Yesterday at VidCon 2018 in California, YouTube announced a trio of new features for creators which give them new ways to earn money while at the same time help YouTube better compete with the likes of Twitch.
The main source of revenue for everyone on YouTube, including YouTube itself, is advertising. But YouTube faces increasing competition to keep its creators happy and attract new ones. With that in mind, three new ways for creators to make their channels earn more money are being introduced.
The first is channel subscriptions. This isn’t a new idea for YouTube and experiments with subscriptions have been running since January. It allows creators to offer “unique badges, new emoji, Members-only posts in the Community tab, and access to unique custom perks offered by creators, such as exclusive livestreams, extra videos, or shout-outs” in return for $4.99 per month from a subscriber. A channel needs to be eligible, though, with the biggest hurdle being a minimum of 100,000 subscribers.
The second new feature is merchandise, which YouTube is achieving through a new partnership with Teespring. Available only in the US, creators will be able to add their own designs to a range of products including t-shirts, hoodies, hats, mugs, posters, phone cases and more.
The merchandise will appear on a shelf directly below YouTube videos with up to 12 products available at any one time. Setting this up doesn’t cost the creator anything and each sale will net them some extra cash. However, as with channel memberships a channel needs to be eligible and in this case that means a minimum of 10,000 subscribers.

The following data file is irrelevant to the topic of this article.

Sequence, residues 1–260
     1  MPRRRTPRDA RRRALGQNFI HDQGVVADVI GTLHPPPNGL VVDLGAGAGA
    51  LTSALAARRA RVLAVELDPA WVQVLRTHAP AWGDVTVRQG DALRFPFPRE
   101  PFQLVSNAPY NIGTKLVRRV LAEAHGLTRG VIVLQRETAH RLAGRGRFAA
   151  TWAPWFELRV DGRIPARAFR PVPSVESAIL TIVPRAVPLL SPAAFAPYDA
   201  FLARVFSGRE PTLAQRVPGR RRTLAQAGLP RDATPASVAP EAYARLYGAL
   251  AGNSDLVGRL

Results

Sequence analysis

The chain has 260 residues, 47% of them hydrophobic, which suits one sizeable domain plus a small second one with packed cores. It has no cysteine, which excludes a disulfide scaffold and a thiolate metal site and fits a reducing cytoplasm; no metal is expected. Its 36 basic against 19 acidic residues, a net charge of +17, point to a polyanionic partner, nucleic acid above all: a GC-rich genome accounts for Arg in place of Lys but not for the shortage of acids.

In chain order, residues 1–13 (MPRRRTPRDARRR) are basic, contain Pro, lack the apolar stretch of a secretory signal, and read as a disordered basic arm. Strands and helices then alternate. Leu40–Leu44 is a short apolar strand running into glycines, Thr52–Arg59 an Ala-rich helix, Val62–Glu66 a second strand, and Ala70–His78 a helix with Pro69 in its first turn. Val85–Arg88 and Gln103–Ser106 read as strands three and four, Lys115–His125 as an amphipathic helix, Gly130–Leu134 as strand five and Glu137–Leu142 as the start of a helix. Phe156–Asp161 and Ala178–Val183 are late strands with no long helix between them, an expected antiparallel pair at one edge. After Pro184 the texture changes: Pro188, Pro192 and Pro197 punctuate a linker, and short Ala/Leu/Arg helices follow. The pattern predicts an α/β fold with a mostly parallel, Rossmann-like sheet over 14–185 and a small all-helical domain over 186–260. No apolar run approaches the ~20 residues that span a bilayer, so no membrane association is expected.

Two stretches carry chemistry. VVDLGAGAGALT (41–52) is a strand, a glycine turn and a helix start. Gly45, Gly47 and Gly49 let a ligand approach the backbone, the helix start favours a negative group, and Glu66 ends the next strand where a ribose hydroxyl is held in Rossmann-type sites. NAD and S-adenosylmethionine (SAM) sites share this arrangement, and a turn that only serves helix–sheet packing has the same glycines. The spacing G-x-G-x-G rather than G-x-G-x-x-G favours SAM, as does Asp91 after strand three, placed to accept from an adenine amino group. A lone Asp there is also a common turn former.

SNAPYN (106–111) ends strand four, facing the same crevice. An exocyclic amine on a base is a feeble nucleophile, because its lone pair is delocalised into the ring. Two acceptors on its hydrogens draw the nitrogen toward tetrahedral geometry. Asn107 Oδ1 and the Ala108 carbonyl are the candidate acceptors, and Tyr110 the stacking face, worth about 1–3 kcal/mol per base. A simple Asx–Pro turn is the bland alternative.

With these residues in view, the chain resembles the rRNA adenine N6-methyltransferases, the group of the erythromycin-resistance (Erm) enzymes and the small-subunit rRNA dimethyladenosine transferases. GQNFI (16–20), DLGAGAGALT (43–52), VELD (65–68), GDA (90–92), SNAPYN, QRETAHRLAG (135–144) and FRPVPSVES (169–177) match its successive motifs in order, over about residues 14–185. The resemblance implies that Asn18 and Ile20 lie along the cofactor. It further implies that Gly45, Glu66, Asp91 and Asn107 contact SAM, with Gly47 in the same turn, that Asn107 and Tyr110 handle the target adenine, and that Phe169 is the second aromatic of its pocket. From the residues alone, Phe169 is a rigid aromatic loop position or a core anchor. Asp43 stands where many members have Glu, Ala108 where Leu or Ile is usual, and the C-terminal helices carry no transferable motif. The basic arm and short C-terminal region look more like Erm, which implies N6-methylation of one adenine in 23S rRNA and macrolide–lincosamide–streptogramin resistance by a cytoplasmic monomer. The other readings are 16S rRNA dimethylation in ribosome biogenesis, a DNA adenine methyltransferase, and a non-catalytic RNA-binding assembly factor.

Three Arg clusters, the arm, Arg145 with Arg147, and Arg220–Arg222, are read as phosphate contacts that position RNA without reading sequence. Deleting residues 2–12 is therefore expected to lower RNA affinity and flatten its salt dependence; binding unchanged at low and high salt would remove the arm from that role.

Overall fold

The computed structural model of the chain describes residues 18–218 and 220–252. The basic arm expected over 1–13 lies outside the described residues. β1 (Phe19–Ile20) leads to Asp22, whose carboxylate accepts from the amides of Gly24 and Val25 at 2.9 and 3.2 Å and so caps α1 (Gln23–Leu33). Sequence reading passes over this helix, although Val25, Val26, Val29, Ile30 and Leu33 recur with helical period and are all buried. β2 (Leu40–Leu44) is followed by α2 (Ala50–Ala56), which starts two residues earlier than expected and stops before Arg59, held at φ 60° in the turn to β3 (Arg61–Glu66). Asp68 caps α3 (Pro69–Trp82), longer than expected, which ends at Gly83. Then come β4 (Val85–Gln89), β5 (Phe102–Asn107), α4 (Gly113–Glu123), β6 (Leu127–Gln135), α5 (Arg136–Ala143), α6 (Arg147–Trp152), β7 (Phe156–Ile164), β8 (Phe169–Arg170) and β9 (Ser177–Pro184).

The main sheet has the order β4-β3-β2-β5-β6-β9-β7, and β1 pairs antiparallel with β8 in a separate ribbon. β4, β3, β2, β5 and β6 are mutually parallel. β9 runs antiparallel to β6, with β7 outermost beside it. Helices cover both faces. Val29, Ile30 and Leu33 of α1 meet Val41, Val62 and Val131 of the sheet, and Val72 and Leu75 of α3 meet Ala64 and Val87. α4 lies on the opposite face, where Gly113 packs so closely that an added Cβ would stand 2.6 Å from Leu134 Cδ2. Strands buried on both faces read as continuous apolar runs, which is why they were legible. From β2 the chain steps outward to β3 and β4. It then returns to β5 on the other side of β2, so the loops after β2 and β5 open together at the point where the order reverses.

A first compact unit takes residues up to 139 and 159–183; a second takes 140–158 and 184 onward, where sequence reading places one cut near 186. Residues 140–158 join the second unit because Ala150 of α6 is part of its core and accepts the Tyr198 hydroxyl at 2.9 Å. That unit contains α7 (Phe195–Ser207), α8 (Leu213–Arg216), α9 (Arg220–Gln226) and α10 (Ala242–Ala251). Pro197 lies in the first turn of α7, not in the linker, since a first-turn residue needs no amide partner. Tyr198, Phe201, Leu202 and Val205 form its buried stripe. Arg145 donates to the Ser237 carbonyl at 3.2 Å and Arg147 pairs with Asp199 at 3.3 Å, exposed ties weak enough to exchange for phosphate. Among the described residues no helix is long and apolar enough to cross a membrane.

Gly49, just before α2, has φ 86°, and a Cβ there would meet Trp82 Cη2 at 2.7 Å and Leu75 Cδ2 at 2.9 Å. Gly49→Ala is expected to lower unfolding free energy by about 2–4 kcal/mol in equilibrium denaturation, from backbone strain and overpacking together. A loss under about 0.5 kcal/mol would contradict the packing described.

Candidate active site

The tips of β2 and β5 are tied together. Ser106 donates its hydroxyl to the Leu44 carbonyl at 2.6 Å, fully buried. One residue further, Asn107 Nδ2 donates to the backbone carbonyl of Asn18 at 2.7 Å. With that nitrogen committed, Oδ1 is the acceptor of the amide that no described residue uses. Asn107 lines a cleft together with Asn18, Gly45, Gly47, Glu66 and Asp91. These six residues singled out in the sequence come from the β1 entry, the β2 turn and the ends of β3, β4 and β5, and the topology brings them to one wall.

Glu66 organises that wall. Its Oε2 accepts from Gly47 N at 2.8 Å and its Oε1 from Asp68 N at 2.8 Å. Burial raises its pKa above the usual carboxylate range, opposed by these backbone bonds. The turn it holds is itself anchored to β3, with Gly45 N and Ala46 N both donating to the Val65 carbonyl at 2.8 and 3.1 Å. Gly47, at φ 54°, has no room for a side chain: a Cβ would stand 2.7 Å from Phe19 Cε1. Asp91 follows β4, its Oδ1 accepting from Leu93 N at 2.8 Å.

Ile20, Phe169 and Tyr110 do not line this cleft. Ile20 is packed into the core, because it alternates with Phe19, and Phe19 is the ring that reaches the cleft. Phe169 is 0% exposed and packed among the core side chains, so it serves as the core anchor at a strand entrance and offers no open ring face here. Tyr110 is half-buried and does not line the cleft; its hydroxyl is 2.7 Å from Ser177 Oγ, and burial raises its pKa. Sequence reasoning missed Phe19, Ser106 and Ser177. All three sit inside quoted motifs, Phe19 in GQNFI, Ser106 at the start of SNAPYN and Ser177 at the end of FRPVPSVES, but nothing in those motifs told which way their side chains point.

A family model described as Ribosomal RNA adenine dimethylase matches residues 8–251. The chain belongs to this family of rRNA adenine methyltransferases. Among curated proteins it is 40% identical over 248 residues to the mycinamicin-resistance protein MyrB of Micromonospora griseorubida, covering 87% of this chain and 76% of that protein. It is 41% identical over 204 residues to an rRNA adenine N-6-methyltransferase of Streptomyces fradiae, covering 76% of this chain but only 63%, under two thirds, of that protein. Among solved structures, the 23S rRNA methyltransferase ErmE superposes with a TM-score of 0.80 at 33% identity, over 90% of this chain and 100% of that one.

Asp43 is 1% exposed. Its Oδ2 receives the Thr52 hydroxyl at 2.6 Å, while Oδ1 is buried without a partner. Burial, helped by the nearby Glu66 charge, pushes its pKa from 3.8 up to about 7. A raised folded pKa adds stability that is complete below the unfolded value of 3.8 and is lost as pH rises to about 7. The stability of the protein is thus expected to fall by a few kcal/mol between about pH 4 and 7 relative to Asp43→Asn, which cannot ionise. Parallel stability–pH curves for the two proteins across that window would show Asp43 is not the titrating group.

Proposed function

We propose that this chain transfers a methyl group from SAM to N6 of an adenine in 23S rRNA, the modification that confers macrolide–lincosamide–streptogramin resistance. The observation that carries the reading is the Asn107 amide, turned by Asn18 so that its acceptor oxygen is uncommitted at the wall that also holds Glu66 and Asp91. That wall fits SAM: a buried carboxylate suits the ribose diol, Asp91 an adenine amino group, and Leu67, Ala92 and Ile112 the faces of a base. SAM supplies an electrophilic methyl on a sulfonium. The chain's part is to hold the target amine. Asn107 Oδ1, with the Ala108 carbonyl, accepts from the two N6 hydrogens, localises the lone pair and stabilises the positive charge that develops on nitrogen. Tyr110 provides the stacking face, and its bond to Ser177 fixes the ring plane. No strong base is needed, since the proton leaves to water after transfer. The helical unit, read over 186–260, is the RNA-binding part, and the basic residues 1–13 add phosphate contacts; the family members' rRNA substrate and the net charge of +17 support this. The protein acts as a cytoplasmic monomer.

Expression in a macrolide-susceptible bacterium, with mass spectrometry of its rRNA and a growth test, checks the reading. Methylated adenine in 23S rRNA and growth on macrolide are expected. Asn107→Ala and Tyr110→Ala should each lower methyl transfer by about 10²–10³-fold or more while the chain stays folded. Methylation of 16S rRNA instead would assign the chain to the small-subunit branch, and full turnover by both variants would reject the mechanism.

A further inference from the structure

Third, and finally, we have Premieres. These will come in very handy when a creator wants to record something new and live, but would also enjoy focusing on interacting with viewers while the content plays.
Premieres allow “pre-recorded videos as a live moment” to be uploaded. That way the video can be hyped via a public landing page beforehand and then the creator can fully focus on interacting in chat when it does play. Extra revenue can be generated from channel memberships and merchandise being pushed by the creator , and Super Chat purchases to make messages stand out in the stream.
If this all sounds like features you wouldn’t ever consider paying money for, YouTube would disagree. Apparently the number of creators earning five figures each year increased by 35 percent, and those earning six figures went up by 40 percent. So people are willing to pay even if the bulk of the money still comes from advertisers.
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